Climate Council CEO Amanda McKenzie says Australians are sick to death of political doublespeak, and want their elected representatives to do more on climate change – and fast.
Liberal Minister for Finance Simon Birmingham appeared on ABC News Breakfast this morning responding to the Climate Council’s new climate risk map tool. A number of claims made by the Minister are misleading, a misdirection or demonstrably false.
Quotes are attributable to Amanda McKenzie.
Claim: “Australia’s emissions reductions are ahead of much of the rest of the world.”
“Over eight years the federal government has demonstrably failed to tackle climate change and has left Australians unprepared for worsening extreme weather. Australia ranks dead last among comparable nations. Emissions in electricity have increased by a third since 1990 and transport by more than a half.
“When it comes to reducing emissions from electricity and moving beyond fossil fuels, Australia has made almost no progress.
“The rollout of renewable energy in the electricity sector – that has largely occurred in spite of federal government inaction – has resulted in some welcome emissions reductions. However, this has been offset by increased fossil fuel use in federal government-backed projects elsewhere.”
Claim: “We’re reduced our emissions by 20%.”
Factcheck: misleading. (Refer to the ABC’s RMIT Factcheck here.)
“Saying something repeatedly doesn’t make it true. This claim is based on a frequently debunked accounting fudge that misrepresents Australia’s emissions performance, relative to other countries’.”
Claim: “Our technology, not taxes approach.”
Factcheck: meaningless slogan.
“There are readily available technologies like solar, wind, storage and electric vehicles that could be scaled up rapidly in Australia. The government could be backing in these technologies, which would take a significant bite out of Australia’s emissions, reducing power bills and bringing substantial benefit to human health – but it refuses to.
“The federal government has no credible policies that will achieve such outcomes.”
Claim: “We’re meeting and beating our targets as a nation.”
“Our 2030 emissions reduction target is woeful, weak and well below what the science says is necessary. Other developed countries, and most major economies, have committed to roughly halving their emissions by 2030, while Australia is only committed to reducing emissions by 26-28% below 2005 levels.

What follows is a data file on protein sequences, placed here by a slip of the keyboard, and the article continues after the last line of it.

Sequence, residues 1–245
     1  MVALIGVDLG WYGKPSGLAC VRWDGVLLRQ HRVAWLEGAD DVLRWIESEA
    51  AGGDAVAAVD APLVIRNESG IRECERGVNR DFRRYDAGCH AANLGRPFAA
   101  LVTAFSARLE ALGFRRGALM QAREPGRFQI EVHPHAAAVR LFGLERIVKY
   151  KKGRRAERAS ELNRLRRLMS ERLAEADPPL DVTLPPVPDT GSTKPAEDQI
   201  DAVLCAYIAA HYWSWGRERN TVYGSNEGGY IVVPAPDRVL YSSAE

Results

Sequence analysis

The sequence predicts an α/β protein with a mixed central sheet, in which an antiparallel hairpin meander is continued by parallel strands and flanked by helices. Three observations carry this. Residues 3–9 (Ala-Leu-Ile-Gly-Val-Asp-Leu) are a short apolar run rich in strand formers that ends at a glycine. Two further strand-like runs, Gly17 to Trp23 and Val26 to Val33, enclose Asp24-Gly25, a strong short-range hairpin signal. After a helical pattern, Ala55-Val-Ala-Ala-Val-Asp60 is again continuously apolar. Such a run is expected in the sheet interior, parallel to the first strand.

“There’s no prize for “beating” the most pathetic targets in the developed world.”
Claim: “These reports reflect upon the global trend, which has continued to see countries like India and China increasing their emissions, and we’ll continue to play our part…”
“Australia’s first responsibility as a developed country is to reduce its own emissions. Moreover, many developing countries are taking more ambitious steps than Australia, even though they bear less historical responsibility for climate change and have far lower emissions per capita.
“The United Nations Secretary-General described Australia as “a hold out” for refusing to do more to cut greenhouse gas emissions this decade.”
Claim: “Impacts of climate change, just like impacts of inflation…or oil price shocks… can buffet economies and countries like Australia… and it’s where you need to have strong, solid economic plans to make sure Australians have employment opportunities, lowest possible taxes, and can best possible withstand these kind of shocks.”
“Australia’s top economists overwhelmingly agree that climate change and the environment is number one issue for the incoming federal government – above housing affordability and availability, health, tax reform, employment/wage growth or education.
“This Climate Council report demonstrates the enormous costs of climate inaction to everyday Australians. On the flipside, there are enormous economic opportunities for Australia in taking decisive and rapid action to cut emissions this decade,” Ms McKenzie said.
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